Defining the Semantics of Reactive Components in
Event-Driven Workflow Execution with Event Histories
Andreas Geppert, Dimitrios Tombros, Klaus R. Dittrich
Technical Report 97.12
Department of Computer Science, University of Zurich
Winterthurerstr. 190, CH-8057 Zurich, Switzerland
Abstract: The definition of exact semantics of workflows and involved processing
entities is an open yet urgent problem for most systems. This paper considers the
semantics and correctness of event-driven workflow execution by reactive components.
The basis for the formalization in our approach is provided by an event history
which records all the events generated during the execution of workflows by
these components. Based on the formal notion of history, it is possible to determine
the semantics of workflow systems as the set of event histories they can generate. It
also allows to formalize the semantics of reactive components?and consequently,
the semantics of workflows?as well as to check whether their observable behavior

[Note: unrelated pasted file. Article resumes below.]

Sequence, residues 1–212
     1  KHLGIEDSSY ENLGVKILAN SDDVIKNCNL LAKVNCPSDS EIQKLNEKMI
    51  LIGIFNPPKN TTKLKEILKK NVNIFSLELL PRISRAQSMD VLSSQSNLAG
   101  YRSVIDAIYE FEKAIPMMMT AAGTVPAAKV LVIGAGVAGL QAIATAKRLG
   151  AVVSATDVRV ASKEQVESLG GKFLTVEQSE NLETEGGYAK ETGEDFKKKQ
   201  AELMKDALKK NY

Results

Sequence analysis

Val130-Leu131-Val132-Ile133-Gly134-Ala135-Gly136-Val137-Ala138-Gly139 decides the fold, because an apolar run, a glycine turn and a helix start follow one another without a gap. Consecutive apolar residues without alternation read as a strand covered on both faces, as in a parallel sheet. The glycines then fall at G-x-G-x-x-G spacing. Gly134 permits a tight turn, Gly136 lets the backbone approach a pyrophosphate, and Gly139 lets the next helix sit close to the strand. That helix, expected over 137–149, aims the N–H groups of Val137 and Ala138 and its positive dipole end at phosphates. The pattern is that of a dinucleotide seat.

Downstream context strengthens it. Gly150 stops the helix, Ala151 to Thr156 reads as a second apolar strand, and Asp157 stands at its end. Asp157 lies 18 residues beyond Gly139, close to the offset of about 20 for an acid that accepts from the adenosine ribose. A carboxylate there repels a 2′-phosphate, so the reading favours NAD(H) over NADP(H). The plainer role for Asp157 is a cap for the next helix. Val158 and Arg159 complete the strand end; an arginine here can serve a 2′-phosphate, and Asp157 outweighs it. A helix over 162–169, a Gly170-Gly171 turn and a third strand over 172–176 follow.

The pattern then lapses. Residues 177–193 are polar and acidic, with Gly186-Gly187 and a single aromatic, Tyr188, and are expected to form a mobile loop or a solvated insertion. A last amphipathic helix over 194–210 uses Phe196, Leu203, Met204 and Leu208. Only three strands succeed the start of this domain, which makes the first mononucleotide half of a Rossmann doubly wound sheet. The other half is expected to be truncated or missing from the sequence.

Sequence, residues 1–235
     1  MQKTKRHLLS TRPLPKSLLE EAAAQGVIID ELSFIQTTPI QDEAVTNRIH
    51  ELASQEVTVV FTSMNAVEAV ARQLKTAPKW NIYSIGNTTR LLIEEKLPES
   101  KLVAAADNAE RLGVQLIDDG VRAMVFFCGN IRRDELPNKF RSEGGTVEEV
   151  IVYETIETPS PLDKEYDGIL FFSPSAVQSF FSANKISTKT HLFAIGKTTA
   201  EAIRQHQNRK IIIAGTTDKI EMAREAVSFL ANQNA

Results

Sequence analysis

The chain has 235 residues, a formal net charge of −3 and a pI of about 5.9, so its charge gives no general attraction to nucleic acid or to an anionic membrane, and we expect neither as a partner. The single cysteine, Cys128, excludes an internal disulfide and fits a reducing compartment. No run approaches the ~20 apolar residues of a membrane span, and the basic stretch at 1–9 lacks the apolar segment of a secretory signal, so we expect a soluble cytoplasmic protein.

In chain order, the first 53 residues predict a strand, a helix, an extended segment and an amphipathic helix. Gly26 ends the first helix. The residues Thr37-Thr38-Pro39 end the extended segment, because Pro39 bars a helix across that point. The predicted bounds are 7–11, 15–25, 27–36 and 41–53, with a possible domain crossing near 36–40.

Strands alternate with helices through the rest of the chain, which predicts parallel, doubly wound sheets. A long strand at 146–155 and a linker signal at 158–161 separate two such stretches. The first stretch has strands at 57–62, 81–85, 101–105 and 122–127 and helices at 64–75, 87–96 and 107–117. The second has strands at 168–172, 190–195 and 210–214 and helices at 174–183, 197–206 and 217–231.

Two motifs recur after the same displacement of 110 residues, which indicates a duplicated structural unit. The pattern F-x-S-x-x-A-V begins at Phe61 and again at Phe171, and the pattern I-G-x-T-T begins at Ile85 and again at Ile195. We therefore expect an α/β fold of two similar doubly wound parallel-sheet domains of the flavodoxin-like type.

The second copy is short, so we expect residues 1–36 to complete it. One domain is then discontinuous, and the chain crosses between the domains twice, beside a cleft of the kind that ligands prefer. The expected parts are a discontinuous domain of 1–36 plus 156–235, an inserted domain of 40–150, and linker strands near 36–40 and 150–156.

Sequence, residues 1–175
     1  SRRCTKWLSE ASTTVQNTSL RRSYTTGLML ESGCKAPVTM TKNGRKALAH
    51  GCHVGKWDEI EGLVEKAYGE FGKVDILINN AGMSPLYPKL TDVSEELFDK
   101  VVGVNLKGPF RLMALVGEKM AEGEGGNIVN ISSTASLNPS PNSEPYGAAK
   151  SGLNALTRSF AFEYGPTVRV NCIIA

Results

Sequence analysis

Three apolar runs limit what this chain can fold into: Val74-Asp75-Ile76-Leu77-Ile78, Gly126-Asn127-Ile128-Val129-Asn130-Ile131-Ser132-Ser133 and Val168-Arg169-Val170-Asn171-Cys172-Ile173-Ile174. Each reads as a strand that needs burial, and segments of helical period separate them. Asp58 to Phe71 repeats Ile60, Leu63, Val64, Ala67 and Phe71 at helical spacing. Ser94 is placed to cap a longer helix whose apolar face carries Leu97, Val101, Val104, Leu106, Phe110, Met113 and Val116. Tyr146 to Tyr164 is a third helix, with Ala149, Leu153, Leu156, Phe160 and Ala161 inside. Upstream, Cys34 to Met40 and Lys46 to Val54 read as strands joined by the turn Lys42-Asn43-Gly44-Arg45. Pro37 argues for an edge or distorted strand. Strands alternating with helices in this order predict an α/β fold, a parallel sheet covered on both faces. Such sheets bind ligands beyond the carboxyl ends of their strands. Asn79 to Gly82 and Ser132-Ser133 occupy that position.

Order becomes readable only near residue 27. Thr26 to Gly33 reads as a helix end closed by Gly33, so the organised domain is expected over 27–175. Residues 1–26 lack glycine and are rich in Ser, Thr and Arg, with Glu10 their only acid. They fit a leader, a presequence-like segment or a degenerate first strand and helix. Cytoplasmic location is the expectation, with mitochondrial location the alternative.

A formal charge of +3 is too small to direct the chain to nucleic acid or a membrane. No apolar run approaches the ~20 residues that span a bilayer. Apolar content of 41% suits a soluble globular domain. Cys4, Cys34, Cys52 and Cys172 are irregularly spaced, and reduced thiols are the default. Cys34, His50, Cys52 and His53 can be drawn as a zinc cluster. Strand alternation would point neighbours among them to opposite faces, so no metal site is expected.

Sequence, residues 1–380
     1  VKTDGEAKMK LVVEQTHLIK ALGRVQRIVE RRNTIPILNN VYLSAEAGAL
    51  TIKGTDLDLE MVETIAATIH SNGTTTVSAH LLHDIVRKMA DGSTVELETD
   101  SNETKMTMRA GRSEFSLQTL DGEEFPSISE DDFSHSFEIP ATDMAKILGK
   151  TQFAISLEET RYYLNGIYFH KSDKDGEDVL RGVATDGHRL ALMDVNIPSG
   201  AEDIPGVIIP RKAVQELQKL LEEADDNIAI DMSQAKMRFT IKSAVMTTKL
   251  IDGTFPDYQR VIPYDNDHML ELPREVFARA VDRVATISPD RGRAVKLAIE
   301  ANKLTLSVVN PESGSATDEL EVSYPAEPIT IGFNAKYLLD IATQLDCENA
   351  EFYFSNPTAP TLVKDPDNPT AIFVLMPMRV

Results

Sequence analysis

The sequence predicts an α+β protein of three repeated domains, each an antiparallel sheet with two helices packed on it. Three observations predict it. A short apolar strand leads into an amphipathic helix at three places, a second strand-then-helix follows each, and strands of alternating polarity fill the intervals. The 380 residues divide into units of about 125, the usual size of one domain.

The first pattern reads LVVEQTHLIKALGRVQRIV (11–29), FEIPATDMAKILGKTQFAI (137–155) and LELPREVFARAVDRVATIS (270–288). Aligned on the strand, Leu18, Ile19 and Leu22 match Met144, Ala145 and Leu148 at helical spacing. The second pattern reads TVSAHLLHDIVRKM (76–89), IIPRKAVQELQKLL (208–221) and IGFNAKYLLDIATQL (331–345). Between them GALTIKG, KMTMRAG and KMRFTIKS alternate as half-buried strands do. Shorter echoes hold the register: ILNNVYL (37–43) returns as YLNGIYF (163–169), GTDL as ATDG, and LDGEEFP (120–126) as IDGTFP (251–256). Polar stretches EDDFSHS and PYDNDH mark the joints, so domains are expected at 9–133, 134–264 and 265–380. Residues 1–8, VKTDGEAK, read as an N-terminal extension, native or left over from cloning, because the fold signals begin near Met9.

In addition to the precise understanding of event-driven workflow execution, the formalized notion of event history also serves as the specification of the workflow execution engine. Ultimately, the semantics of reactive components provides the basis for specifying transformation rules used to map these components to the execution level.
Keywords: workflow management, ECA-rules, distributed systems
1 Introduction and Motivation
Workflow management systems (WfMS)  are cooperative environments in which multiple distributed processing entities cooperate in order to accomplish tasks (e.g., process an insurance claim). A workflow specification defines the required activities and their execution dependencies, data flows between the activities, and further information such as the assignment of resources to activities. WfMS have to provide the functionality for defining and executing workflows in a distributed heterogeneous environment. However, while many research prototypes and products have been developed, only few provide a formal foundation for the specification and execution of distributed workflows.
Our approach to the specification and execution of workflows is multi-leveled . We separate the high-level (e.g., graphical) specification of workflow types and abstract workflow execution characteristics from an intermediate-level executable representation described with the BROKER/SERVICE MODEL (B/SM) . The resulting system is then directly implemented with the help of a distributed execution framework (event engine - EVE) providing facilities for process event management and history logging, communica-